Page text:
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Berry growers partner with Cornell to evaluate new varieties

Cornell breeders working with berry growers
Rob Way/NYS Agricultural Experiment Station, Geneva
Cornell breeders will work with berry growers across the state to test new varieties in their fields, as part of a new agreement with the New York State Berry Growers Association.

Through a new agreement between the New York State Berry Growers Association (NYSBGA) and the Cornell berry breeding program, raspberry and strawberry growers across the state will evaluate elite selections from the university in their own fields.

Strawberries are the third leading fruit crop in New York by value, and each year Cornell berry breeder Courtney Weber evaluates thousands of potential new varieties looking for improved disease resistance, flavor and growth. Less than one-tenth of 1 percent become elite selections, which then require rigorous testing to determine if they outperform existing varieties.

"The industry was looking for a way to provide stable support for Cornell berry research and variety development," said Dale Ila Riggs, NYSBGA president and co-owner of The Berry Patch in Stephentown, N.Y. "When we learned that hands in the field are one of the biggest limiting factors in evaluating new berry varieties, we offered to be those hands." The arrangement, she said, "could also be a blueprint for other industry groups who want to directly support the research that benefits agriculture in New York state."

Want to participate?
Commercial growers interested in joining the New York State Berry Growers Association to participate in the evaluation of new berry selections from Cornell should email NYSBGA executive director Paul Baker.

As part of the agreement, participating members of NYSBGA will plant test selections in their fields and provide evaluation data collected from their trials to Cornell.

"Growers will give us feedback on how the flavor, yield, color and disease resistance compare to other varieties they are growing," said Weber, associate professor of horticulture based at Cornell's New York State Agricultural Experiment Station in Geneva. "The most important question for me is whether they'd want to plant more."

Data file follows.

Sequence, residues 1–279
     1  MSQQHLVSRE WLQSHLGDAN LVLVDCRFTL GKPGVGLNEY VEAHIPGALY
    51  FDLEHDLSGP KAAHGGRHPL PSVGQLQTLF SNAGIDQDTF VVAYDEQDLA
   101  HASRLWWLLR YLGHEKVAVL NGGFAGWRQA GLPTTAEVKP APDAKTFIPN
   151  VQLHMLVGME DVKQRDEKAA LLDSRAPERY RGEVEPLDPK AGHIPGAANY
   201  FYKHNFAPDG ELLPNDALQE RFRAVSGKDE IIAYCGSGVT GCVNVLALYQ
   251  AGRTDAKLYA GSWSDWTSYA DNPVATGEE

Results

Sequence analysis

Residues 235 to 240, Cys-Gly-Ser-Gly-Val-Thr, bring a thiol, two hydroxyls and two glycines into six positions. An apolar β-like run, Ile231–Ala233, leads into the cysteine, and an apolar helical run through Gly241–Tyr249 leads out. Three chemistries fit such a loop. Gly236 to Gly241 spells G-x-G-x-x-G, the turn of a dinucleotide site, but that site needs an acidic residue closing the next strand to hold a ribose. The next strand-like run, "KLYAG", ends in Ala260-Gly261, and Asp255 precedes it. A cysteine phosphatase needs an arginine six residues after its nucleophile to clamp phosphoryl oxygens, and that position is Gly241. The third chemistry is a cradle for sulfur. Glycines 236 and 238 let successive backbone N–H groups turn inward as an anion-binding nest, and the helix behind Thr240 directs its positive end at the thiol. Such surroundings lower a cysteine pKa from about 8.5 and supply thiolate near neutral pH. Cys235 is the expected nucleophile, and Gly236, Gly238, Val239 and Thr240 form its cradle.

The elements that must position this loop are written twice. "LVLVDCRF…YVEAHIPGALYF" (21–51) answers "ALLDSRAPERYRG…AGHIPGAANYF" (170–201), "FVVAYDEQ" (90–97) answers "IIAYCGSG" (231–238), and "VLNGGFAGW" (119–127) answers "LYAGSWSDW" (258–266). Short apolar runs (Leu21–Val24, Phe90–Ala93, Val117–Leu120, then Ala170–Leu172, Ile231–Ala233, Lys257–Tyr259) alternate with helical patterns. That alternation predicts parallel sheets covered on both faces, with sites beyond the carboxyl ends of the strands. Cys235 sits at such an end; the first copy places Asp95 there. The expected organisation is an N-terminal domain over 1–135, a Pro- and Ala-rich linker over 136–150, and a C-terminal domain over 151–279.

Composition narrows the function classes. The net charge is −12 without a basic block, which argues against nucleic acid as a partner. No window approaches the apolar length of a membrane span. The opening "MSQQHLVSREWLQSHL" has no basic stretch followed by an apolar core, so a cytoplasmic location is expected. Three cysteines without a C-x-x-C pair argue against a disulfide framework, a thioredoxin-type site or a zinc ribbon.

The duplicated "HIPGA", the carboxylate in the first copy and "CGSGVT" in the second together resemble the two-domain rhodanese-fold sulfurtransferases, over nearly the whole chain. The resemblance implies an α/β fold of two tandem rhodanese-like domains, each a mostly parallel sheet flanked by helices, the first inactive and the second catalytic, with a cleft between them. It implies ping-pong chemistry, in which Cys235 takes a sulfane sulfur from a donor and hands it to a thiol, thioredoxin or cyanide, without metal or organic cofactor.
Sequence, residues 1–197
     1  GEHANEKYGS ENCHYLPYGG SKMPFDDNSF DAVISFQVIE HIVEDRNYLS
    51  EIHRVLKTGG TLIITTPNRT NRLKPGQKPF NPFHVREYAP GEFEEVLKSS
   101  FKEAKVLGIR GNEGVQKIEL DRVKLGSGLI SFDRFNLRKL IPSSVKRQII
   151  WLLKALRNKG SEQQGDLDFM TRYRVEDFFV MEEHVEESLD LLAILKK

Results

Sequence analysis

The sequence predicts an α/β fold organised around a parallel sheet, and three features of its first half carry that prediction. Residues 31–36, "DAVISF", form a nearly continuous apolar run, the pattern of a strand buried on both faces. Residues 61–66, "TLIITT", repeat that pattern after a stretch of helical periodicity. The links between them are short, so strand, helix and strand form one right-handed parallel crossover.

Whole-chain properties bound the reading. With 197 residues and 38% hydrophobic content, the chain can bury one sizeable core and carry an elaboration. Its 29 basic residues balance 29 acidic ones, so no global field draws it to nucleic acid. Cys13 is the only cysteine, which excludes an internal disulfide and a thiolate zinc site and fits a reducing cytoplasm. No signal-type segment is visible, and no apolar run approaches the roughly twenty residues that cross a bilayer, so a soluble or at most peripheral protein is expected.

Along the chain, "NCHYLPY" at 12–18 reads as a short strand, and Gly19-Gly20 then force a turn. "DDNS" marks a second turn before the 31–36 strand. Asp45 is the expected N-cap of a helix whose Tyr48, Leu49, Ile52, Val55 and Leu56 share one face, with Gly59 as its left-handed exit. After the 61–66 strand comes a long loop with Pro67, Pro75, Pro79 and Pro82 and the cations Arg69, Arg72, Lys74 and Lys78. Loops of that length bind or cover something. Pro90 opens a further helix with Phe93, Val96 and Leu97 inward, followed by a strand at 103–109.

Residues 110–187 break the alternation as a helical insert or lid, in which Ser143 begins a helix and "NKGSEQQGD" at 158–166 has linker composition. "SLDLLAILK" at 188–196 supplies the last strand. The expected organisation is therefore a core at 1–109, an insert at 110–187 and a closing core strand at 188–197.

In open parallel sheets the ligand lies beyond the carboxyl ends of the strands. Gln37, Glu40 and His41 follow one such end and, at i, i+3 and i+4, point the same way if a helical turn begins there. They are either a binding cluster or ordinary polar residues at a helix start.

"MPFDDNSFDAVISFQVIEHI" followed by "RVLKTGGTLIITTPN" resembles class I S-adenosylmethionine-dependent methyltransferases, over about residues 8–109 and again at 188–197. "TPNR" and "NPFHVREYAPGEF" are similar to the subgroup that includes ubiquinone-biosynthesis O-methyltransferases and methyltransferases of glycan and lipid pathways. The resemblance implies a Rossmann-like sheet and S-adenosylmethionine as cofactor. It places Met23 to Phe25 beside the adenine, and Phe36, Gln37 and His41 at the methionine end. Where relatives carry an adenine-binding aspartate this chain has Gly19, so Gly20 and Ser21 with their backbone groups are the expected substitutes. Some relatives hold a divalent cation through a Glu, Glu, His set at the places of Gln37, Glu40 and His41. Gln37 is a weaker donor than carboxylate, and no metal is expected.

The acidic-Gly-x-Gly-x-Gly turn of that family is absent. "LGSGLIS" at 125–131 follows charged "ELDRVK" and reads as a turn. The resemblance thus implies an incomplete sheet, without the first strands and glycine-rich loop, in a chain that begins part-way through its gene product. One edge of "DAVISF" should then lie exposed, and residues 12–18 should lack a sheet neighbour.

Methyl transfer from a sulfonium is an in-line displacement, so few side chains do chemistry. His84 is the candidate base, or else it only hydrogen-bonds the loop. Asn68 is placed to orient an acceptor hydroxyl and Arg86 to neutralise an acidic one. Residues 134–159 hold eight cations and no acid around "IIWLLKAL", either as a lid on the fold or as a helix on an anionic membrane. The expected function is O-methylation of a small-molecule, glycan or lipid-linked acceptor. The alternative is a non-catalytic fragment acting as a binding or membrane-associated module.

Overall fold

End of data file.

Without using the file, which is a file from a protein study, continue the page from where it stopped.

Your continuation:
The collaboration will also lead to more thorough testing because the large-scale, commercial plots result in a statewide planting that is 200-fold larger than Weber's evaluation plots.

"Strawberries are unique among fruits because they are grown across New York state, from the tip of Long Island to the Pennsylvania border, which represents many different microclimates," said Paul Baker, NYSBGA executive director. "This partnership will provide crucial data on how a new variety performs in different soil types and under different climatic zones, something an individual researcher would never be able to afford to collect."

Growers will benefit from the opportunity to test-drive new varieties before their release and having direct input on new releases in the breeding program. And according to Baker, growers want to maintain the steady stream of new varieties that is key to whetting consumers' appetites for farm fresh fruit.

"The berry growers are a unique group of individual farms who pool their resources for the collective good of the industry," said Baker. "Our agreement is a clear signal to Cornell that if they will do the breeding and research, we are willing not only to invest, we want to work directly with them."

Once a strawberry or raspberry plant is chosen by Cornell for commercial release, growers will be able to obtain licenses to sell and distribute the new variety for commercialization purposes by contacting Jessica Lyga, plant varieties and germplasm licensing associate for the Cornell Center for Technology Enterprise and Commercialization. The first berry to be tested through this program will be a strawberry variety ready for evaluation next spring.

Amanda Garris is a freelance writer for the College of Agriculture and Life Sciences.

Correction: The story has been corrected to reflect that Dale Ila Riggs is a woman. The Cornell Chronicle regrets the editing error.

 

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